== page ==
BY KAREN KATZENBACH
February 21st, 2018
A terrible fate awaits those who ignore their fitness and fall victim to a sedentary lifestyle.
In the CrossFit Specialty Course: Masters, instructors talk about how a victim of sedentary aging will have not only a weaker and less flexible body but also a weaker and less flexible mind. I contend that this second effect is the more challenging for a CrossFit trainer.
We’ve all worked with people, young and old, who have less-than-optimal strength and flexibility. That’s why they come to us in the first place, right?
Working with an athlete with a fixed and inflexible thought pattern or a lack of mental agility and coordination might not be so familiar.
I took on just such a client in October 2017 and faced the biggest challenge of my CrossFit career. This athlete was recently diagnosed with Alzheimer’s disease. She is also my mother.
Alzheimer’s disease robs its sufferers of their memories, their reasoning, and eventually their personalities and relationships. The Centers for Disease Control and Prevention predicts that 13.8 million Americans will have Alzheimer’s disease by the year 2050.
Though my mother’s diagnosis was recent, the signs and symptoms had been there for some time. My siblings and I had been guilty of chuckling about how scatterbrained mom could be. It was funny, we thought. But we should have known better.
When we did confront her, she fell into the common response: “It’s normal to forget things as you get older.”
We nodded. But we could have done better.
That’s the danger of the myths of aging. Muscle loss, forgetfulness, aching joints—you rationalize symptoms that should be addressed by lifestyle changes as “just what happens” when you are over 40, 50, 65, etc. Or, as a wise woman once told me and I’ve told many people since, “Age is not a disease.” Loss of capacity, physical or cognitive, is not inevitable. Don’t accept it as such. Ever.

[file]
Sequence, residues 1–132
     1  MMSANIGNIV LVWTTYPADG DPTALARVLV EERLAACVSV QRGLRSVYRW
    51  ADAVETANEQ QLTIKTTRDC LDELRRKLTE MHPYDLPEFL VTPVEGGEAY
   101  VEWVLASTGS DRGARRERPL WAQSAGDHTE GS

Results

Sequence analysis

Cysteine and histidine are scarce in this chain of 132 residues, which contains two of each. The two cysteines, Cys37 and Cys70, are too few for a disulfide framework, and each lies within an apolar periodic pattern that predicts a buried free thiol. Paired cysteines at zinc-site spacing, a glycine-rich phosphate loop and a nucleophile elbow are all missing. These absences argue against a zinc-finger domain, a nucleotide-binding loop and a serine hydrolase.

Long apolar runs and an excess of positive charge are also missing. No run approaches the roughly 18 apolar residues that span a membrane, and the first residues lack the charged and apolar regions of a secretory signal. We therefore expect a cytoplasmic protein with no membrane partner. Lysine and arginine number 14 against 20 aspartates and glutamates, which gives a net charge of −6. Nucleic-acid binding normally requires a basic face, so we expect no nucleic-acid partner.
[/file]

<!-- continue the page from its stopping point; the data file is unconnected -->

Training an athlete with cognitive impairment is a challenge in and of itself. When the impairment includes a memory issue as with Alzheimer's disease, the challenge for the coach increases exponentially. And when it’s your mother, well, here’s my story.
When a person is diagnosed with Alzheimer's, the burden of care often falls on family members. (iStockimage.com/Pablo_K)
Off the Carbs, Off the Couch
In October I traveled from Florida to Ohio. For a month I stayed in the house I grew up in, and I spent nearly every moment with mom.
I learned a lot to say the least. I now understand how scary this disease is and how 13.8 million diagnoses in 2050 will affect billions of loved ones, caregivers and health-care professionals.
I also reaffirmed how good coaching can be adapted to any client in any environment.
I kept things as simple as possible. My goal for mom: Get off the carbs and get off the couch.
I was able to control her nutrition from the moment I arrived. I was with her basically 24/7. We cooked together. We ate together. We went to the grocery together. I definitely felt the grip of karma on those shopping trips as she tried to sneak cookies and chips and ice cream into the cart. I regretted every sugar-induced tantrum I ever threw as a little girl.
These food choices were a product of her rigid thinking. This is how she’s always eaten. She was a housewife of the late 20th century—the high-carb, low-fat age. We had bread and some sort of starch at every meal. Butter was bad. Margarine was healthier. There was always soda and dessert.
With Alzheimer’s, her sugar cravings are much more frequent and urgent than I remember. My prescription? Meat and vegetables. Lots of vegetables.
I threw out the chips, the cookies, the canola oil.
During my time in Ohio—four weeks—mom’s blood glucose fell from diabetic levels into the normal range.
Her workouts needed to be as simple as possible. I concentrated on just four movements: deadlifts, squats, ring rows and push-ups with her hands on the wall. I called none of these movements by its proper name, and I didn’t use traditional equipment. I was limited by what I had on hand but also by mom’s reluctance to “exercise.” Functional and recognizable were the keys. We know these movements have a place in everyday life, and that was how I described them to her. This simple familiarity also helped ensure she’d be able to continue after I returned to Florida.